The definitive look at the transition from silent films to talkies arrived courtesy of the 1952 musical Singin' in the Rain. The story about a talented nobody becoming an overnight success while an established performer simultaneously suffers a career crash'n'burn has been filmed ad nauseam, most recognizably in the various screen incarnations of A Star Is Born.
And, unless one counts Charlie Chaplin's gibberish song in 1936's Modern Times, the employment of sound in an otherwise silent picture found its high-water mark in Mel Brooks' Silent Movie, in which the only word heard throughout the course of the film ("Non!") is uttered by legendary mime Marcel Marceau.
In short, The Artist isn't exactly the most original movie to make its way into modern-day theaters, despite its angle of being a black-and-white silent picture. But so what? Although it sometimes runs short on invention, it makes up for it in style, execution and a cheery disposition that's positively infectious.
Jean Dujardin, best known on these shores (if at all) for the pair of OSS 117 spy spoofs he made with director Michael Hazanavicius in their French homeland, plays silent screen star George Valentin, whose chance encounter with a young fan named Peppy Miller (Berenice Bejo) contributes to her eventual rise in the industry. The pair clearly harbor feelings for each other, but George finds himself trapped in a loveless marriage (Penelope Ann Miller sympathetically plays his estranged spouse) and relies on his dog Uggie and his faithful chauffeur Clifton (James Cromwell) for companionship.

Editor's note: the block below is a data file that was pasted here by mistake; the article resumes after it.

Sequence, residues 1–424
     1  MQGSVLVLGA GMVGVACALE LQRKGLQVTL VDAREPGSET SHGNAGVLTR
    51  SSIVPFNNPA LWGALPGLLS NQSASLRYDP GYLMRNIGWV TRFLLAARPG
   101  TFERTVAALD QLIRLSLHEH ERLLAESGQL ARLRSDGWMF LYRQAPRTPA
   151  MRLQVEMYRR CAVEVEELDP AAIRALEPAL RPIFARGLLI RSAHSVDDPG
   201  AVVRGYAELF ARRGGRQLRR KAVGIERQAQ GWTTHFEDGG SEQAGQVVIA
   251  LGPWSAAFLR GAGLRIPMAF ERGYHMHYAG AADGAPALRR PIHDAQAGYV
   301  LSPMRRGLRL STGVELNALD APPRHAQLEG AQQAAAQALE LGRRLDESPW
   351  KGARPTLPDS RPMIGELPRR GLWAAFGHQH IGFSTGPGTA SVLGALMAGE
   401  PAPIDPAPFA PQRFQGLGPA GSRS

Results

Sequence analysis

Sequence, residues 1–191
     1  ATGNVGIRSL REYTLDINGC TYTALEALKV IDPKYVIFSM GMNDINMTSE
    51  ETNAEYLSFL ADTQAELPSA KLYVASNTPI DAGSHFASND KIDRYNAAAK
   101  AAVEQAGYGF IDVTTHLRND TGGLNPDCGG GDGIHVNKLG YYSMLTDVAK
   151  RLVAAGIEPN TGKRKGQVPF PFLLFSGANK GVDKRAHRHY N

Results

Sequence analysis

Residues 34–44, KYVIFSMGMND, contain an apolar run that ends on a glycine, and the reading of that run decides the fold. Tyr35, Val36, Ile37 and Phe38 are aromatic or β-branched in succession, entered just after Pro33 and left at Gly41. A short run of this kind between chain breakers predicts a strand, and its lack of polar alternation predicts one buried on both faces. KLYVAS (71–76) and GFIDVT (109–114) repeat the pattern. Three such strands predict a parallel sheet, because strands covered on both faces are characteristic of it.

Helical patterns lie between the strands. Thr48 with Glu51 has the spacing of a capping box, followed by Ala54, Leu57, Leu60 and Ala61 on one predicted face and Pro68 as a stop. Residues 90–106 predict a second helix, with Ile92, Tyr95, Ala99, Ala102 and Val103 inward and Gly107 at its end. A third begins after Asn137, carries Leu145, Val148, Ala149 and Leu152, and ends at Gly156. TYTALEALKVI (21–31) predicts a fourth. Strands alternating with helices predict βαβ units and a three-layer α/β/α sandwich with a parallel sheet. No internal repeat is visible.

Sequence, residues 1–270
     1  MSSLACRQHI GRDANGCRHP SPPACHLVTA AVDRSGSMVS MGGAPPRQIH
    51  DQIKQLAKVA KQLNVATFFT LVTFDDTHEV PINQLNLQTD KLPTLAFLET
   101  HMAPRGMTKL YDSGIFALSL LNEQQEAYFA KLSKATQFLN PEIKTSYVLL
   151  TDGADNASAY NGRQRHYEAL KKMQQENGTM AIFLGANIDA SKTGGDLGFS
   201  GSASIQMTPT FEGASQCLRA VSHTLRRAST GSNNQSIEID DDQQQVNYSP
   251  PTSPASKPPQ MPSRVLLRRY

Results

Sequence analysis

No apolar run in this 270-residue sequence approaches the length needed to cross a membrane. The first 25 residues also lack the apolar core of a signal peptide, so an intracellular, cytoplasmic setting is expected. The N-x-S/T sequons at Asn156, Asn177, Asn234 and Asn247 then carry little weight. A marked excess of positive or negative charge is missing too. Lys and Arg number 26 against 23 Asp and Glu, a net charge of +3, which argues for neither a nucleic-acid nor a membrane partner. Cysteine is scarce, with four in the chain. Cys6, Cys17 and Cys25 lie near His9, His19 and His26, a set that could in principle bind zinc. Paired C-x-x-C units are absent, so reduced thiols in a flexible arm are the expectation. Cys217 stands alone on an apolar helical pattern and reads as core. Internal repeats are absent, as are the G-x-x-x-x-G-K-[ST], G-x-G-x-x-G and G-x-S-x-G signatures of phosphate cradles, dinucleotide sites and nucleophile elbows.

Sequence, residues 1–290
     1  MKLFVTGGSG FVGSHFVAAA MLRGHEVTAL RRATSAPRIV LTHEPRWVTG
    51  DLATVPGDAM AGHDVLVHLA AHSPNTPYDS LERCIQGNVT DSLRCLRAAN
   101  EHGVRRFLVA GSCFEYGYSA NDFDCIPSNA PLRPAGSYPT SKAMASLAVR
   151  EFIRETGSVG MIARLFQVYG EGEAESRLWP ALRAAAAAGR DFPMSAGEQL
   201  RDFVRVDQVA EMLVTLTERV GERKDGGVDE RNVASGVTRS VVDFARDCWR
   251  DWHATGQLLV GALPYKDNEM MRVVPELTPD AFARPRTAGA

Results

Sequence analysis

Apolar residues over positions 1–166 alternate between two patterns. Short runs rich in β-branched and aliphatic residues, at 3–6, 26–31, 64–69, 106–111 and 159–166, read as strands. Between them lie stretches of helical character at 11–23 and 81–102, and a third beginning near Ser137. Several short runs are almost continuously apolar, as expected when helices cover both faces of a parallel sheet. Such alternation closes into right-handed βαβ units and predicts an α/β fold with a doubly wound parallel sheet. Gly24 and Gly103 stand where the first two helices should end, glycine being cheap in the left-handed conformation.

The matrimonial strife soon takes a back seat to a dark development, revealed when studio head Al Zimmer (John Goodman) informs him about the inevitable advent of sound in motion pictures - a revolution that George myopically dismisses as a short-lived fad. Instead, this cinematic breakthrough all but destroys his livelihood.
In crafting his homage to the silent era, Hazanavicius crucially fails to include one of its key ingredients, that go-for-broke dynamism that informed much of the cinema of the time - think, for example, of that house really falling on top of Buster Keaton, or Harold Lloyd's eye-popping stunts in Safety Last! and other gems, or just about anything served up by Chaplin. Nothing in The Artist can quite showcase that sort of edgy genius, although a sequence that has wicked fun with sound effects is worth singling out.
Yet while it may not match up with the best of the silents, The Artist matches up nicely with the best of 2011. Dujardin and Bejo are both enchanting and irresistible, and Hazanavicius' screenplay has no trouble shifting between mirth and melodrama.
As for its visual appeal, the black-and-white images are as crisp and dynamic as anything on view in the year's color explosions.